In what may ultimately develop into a massive change in the way online travel agencies and hotels do business with one another, Expedia Inc. has quietly introduced changes in the way hotel properties make it to the top of the page on brands such as Expedia.com and Hotels.com.
Although it hasn’t been officially launched or widely publicized, Expedia’s market managers began offering hotels the ability to bid their way to the top of Expedia’s sort order of listings.
In an interview with Skift, Expedia Inc. CFO Mark Okerstrom described Expedia’s new Accelerator program for hotels, a plan that turns Expedia’s search results’ pages into a “marketplace” and has hotels competing against one another for bragging rights in Expedia’s listings.
The placement on a page is all-important in driving hotel bookings.
“We are also offering the opportunity for hotels to augment that quality nature of their listing with incremental economics to help give them a little bit of a boost,” Okerstrom says. “It is a program we call Accelerator. And so we just transitioned the model to one of much more of a marketplace. So I think we will leave it to the various hotel companies to dictate for themselves how they use our marketplace and we would encourage them to do it in a way that maximizes what’s best for them.”
Okerstrom says the transition in Expedia’s hotel business model has been under way for a year. The basics of the Accelerator program were finalized in the fourth quarter.
“The best thing about it is that for our consumers you’ve got a huge selection of hotels,” Okerstrom says. “And we’re confident that you can find a hotel for the right price and the right room type and availability that suits them [consumers] well.”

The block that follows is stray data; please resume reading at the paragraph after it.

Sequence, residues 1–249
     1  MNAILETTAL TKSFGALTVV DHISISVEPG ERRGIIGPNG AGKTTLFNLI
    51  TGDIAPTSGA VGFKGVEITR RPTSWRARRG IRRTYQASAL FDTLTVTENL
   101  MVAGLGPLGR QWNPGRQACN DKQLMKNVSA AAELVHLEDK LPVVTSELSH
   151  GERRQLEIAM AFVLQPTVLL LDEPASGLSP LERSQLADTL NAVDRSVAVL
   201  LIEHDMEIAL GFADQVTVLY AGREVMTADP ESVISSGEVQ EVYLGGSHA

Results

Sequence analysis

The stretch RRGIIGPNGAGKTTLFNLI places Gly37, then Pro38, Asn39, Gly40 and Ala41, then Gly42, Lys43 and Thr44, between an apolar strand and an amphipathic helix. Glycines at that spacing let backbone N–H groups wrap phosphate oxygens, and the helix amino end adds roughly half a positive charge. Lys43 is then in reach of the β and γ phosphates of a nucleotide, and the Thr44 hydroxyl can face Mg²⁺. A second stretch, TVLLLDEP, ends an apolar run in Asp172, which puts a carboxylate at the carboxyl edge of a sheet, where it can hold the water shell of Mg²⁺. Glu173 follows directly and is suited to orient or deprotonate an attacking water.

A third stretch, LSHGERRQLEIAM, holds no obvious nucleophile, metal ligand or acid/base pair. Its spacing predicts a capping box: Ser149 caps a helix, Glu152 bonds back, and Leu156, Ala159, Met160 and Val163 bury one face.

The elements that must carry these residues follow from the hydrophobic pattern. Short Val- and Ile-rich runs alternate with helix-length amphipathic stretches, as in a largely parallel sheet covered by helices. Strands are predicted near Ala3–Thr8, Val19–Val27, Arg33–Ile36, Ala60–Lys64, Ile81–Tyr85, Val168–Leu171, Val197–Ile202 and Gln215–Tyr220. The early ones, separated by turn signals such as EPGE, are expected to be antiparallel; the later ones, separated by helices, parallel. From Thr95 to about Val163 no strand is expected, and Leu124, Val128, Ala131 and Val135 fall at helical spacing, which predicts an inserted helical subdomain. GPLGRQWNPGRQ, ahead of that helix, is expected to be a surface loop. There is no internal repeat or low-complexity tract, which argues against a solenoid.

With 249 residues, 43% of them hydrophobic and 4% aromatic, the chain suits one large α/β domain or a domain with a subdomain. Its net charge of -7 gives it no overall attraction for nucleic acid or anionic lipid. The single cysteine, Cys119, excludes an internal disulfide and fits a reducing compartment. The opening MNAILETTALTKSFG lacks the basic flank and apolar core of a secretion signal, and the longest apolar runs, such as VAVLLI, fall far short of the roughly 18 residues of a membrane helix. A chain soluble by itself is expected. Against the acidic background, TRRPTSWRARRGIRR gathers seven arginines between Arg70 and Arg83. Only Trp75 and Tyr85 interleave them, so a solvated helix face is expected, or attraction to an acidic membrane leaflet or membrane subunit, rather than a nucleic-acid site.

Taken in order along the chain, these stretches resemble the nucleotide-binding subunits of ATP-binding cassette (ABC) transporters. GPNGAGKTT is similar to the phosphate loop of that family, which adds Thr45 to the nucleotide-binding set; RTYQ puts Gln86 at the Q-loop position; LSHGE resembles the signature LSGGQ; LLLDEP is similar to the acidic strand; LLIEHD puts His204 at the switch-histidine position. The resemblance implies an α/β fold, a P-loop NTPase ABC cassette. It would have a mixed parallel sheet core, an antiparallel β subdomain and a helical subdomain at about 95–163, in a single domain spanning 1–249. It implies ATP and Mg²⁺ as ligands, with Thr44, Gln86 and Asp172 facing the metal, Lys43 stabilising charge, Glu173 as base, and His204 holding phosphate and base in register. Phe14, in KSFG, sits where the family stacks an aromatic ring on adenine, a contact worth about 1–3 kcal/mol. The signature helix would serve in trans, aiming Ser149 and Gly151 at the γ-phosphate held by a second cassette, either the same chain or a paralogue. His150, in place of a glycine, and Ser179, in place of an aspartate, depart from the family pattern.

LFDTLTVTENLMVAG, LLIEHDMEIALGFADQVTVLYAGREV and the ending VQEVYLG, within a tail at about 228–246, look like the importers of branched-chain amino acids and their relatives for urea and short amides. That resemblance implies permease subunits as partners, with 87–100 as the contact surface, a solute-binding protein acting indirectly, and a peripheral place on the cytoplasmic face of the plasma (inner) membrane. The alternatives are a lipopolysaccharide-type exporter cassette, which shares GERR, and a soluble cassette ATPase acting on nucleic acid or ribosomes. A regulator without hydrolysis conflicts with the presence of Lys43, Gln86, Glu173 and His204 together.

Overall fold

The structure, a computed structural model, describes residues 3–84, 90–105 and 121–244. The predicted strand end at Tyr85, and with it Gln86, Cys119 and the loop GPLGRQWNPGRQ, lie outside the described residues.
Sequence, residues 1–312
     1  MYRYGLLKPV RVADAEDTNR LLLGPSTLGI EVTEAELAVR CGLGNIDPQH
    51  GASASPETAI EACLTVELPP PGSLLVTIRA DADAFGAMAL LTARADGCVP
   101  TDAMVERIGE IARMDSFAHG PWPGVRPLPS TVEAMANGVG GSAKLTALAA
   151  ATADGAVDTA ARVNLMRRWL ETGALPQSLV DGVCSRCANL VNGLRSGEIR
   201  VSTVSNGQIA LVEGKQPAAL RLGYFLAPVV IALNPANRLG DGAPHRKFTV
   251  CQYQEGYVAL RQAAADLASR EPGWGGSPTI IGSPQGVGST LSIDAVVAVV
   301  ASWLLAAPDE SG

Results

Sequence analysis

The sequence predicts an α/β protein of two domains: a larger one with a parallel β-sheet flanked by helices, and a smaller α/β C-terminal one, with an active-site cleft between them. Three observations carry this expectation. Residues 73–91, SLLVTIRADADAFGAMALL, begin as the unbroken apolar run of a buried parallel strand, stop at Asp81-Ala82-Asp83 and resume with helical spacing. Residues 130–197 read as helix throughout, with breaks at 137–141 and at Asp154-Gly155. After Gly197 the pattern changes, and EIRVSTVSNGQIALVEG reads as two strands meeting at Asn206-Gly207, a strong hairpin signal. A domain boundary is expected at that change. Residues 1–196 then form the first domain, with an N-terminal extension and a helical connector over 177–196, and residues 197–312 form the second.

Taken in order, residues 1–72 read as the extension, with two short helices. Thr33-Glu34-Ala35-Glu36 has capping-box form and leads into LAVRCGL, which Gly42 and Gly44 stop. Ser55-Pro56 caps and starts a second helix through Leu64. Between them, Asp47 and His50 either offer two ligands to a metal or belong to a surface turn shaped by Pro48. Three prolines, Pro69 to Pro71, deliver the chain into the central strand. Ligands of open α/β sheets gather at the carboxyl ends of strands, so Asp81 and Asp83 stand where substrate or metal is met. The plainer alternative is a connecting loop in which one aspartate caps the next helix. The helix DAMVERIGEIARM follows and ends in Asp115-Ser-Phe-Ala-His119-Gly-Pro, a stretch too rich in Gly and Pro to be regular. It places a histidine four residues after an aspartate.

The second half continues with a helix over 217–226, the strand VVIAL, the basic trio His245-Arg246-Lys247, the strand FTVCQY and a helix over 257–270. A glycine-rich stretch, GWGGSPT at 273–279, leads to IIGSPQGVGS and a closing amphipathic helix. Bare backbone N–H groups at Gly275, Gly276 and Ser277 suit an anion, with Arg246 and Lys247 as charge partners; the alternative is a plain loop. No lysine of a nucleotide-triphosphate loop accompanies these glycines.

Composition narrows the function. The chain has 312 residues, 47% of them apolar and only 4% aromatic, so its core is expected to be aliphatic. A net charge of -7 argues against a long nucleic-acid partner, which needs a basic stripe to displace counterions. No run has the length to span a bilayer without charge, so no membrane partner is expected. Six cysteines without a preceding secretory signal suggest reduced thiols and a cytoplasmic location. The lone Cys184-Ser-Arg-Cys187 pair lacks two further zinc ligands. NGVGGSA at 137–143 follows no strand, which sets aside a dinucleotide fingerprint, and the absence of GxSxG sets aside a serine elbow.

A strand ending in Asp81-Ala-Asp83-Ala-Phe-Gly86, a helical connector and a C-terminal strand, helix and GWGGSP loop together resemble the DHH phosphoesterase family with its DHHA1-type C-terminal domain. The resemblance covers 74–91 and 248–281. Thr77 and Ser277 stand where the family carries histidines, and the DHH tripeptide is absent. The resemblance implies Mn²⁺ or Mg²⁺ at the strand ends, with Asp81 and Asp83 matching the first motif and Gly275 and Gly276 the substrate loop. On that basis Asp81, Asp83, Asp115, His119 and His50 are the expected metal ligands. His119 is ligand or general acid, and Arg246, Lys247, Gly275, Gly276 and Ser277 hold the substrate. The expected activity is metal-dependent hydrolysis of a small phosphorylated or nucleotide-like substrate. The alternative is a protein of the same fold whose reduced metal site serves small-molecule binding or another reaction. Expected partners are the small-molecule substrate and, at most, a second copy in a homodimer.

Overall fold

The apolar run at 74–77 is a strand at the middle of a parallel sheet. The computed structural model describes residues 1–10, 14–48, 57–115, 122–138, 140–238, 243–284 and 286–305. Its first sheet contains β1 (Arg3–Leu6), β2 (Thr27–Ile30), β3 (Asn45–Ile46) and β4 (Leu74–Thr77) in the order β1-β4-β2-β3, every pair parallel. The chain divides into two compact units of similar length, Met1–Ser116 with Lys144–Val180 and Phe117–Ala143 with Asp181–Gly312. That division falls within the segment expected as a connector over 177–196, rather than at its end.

Details are scant about precisely how the program works but it involves properties being able to bid for placement in various slots on the page. In a way, it resembles metasearch, where hotels bid on a cost per click basis although the Expedia Accelerator program isn’t necessarily based on clicks.
Okerstrom explained it in the following way after we asked him about the weakening of rate parity in Europe and hotels beginning to offer lower rates online for their loyalty program members than they are offering to online travel agencies such as Expedia and Booking.com.
“I think it is something that we have to some extent catalyzed,” Okerstom says. “We have transitioned our business over the course of this last year and we are going to continue to transition in 2016 to much more of a marketplace. You know a marketplace where hotels can compete against the right people – not us – compete against each other for the vast amount of traffic and bookings that our booking platforms and fantastic brands around the world provide.”
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